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Issue 374 - "Team First, Self Last" (Jack Clark Part Five)

Woodens Wisdom
Wooden's Wisdom - Volume 9 Issue 374
Craig Impelman Speaking |  Championship Coaches |  Champion's Leadership Library Login



Jack Clark has led the University of California's Rugby teams to 28 National Championships in 33 years with a simple mantra: "Team First, Self Last". In an interview with Jan Stenker for Unconditionally Strong Clark discussed his approach:
"We say team first, self last and we mean it. Sometimes one of the students will ask for a meeting because they want to talk about playing time or something. They'll sit down and they'll start asking the question and they'll be fumbling around with it. Finally they'll just say, "You're going to ask me what's best for the team, aren't you?" And I say, "Of course." That's the first lens that comes down on every decision we make. On a day-to-day operational basis, what are we doing, why we are doing it and who's doing it gets filtered through what's best for the team. The team likes that. There's merit in that. We process any piece of business that comes before the team right through that system."
Coach Clark asks his players to think about and use their experience to become experts in team. Clark and his players recognize that being a good teammate and being a good player are separate skill sets. Coach Wooden also felt both were essential and thus required.
"We celebrate team, talk about it and build on it. Growing up our players have all been on teams for 10 years. They've had good teams and bad teams and good teammates and bad teammates and everything in between. I want them to use all of that experience to recognize the differences, I want them to feel like they're an expert in Team. A value like selflessness, this idea that in making decisions, team comes first, self comes second — you get this done and it solves 10 problems. If your choice is that you just wait for individual drama, 65 guys all have something wrong." Try to process all that on a daily basis and you spend more time keeping everyone's nose pointed in the same direction than you do actually trying to improve as a team."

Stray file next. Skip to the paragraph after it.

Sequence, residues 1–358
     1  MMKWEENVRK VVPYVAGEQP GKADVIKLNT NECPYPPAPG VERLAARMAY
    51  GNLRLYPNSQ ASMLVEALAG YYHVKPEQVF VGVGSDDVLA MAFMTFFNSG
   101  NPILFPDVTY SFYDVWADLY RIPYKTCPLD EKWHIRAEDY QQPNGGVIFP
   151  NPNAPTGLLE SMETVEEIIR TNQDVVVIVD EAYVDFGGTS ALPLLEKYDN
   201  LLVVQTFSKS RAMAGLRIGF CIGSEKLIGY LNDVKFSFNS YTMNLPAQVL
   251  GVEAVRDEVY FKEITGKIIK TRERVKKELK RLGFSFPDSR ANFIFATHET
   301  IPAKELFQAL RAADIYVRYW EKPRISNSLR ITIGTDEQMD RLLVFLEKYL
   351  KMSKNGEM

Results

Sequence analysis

Clark feels that as a Coach he has the unique opportunity to make his players experts in Team; a skill that will help them well beyond graduation. He put it this way:
"How will world poverty be solved? How will education be solved? How will a devastating disease be solved? Is it going to be some brilliant dude or gal that says "I've got an idea here"? No, it's going to be groups of people pulling together in a team. I happen to believe that if you matriculate this program with a PhD in team that you're going to be really well prepared to go participate on one of these meaningful teams somewhere — maybe in your own family. Maybe it's in a business. I think it's a wonderful skill to have."
How do you teach your team members to be experts in Team?

Yours in Coaching,
Craig Impelman




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Application Exercise




Fame is a fickle jade at best,
And he who seeks to win her smile
Must trudge, disdaining play or rest,
O'er many a long and weary mile.

Nor must he work alone for her,
Nor labor only for her cheers,
For doing this, it may occur
That he shall only reap her sneers.

But when he's ceased to care for self,
And is content to work and wait
For something better far than pelf,
Fame welcomes him among the great.

Edgar Allen Guest (1881-1959)






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